Toward a More Authentic Evangelicalism | Sojourners

Toward a More Authentic Evangelicalism

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In 1971, the movement that became Sojourners was born at an evangelical seminary, Trinity Evangelical Divinity School in Chicago. In 1973, Sojourners worked with Evangelicals for Social Action in a gathering Ron Sider convened, again in Chicago, which produced a document called the "Chicago Declaration of Evangelical Social Concern."

That was 45 years ago. Reading it today can be heartbreaking — realizing how far in the wrong direction “evangelicalism” has now gone, so diminished and distorted. In the evangelical tradition, we would call that spiritual “backsliding.” It reads in part:

As evangelical Christians committed to the Lord Jesus Christ and the full authority of the Word of God, we affirm that God lays total claim upon the lives of his people, We confess that we have not acknowledged the complete claim of God on our lives … Although the Lord calls us to defend the social and economic rights of the poor and oppressed, we have mostly remained silent. We deplore the historic involvement of the church in America with racism and the conspicuous responsibility of the evangelical community for perpetuating the personal attitudes and institutional structures that have divided the body of Christ along color lines … By this declaration, we endorse no political ideology or party, but call our nation’s leaders and people to that righteousness which exalts a nation.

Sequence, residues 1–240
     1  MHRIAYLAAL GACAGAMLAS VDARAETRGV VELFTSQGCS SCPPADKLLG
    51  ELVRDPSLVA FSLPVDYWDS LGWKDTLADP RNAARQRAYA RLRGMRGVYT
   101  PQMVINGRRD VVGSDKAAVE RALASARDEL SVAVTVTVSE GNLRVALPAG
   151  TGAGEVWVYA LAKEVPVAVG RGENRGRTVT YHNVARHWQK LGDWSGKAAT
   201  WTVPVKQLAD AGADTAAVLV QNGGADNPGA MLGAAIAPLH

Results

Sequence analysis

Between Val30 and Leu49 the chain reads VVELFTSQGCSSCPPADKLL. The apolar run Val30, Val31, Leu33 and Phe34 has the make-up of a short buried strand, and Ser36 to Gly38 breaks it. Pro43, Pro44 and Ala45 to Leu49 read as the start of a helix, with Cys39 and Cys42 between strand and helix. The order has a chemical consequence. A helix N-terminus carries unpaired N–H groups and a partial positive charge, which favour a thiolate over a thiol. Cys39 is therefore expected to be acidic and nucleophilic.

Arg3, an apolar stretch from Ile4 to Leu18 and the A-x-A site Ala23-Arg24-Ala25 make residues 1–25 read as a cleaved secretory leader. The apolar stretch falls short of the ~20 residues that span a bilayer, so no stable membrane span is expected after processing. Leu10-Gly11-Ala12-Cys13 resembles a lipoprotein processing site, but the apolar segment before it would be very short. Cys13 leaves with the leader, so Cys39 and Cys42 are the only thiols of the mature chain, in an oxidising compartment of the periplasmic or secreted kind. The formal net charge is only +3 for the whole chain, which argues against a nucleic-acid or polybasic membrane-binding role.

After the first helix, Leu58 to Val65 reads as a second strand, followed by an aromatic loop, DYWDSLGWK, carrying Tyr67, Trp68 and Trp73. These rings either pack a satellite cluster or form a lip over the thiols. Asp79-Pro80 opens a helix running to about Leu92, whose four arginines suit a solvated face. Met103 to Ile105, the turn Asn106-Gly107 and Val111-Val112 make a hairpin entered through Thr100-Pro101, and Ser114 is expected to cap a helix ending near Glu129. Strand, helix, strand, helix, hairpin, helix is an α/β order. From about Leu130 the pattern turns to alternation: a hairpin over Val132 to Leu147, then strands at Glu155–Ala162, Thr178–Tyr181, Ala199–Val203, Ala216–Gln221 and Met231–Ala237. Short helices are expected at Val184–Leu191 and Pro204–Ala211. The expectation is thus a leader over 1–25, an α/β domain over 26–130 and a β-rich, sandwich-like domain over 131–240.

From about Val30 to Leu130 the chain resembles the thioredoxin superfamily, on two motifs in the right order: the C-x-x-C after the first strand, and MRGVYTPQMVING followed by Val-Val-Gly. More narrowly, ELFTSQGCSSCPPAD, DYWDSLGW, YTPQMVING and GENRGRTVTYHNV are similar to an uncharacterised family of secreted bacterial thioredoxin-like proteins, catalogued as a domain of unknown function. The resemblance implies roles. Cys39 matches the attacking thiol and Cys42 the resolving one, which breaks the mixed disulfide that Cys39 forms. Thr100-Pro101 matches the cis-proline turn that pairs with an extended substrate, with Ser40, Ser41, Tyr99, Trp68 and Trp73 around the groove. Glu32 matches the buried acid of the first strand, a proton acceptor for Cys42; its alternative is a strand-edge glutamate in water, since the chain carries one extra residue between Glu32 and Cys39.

At the time, the “Chicago Declaration” gained great attention in the evangelical world, schools, and seminaries, and it was a big news story. And until 1980, we were called the “young evangelicals” in a “new evangelical” movement.

So what happened? Politics happened. A political assault and takeover was successfully executed by the Republican right wing — and the “Religious Right” was born. It is now painfully clear that the evangelical world was strategically and politically co-opted — not by more conservative evangelical leaders, but by political operatives from the Republican Party who saw a real opportunity to take over the evangelical world by making particular appeals to “conservative social issues.”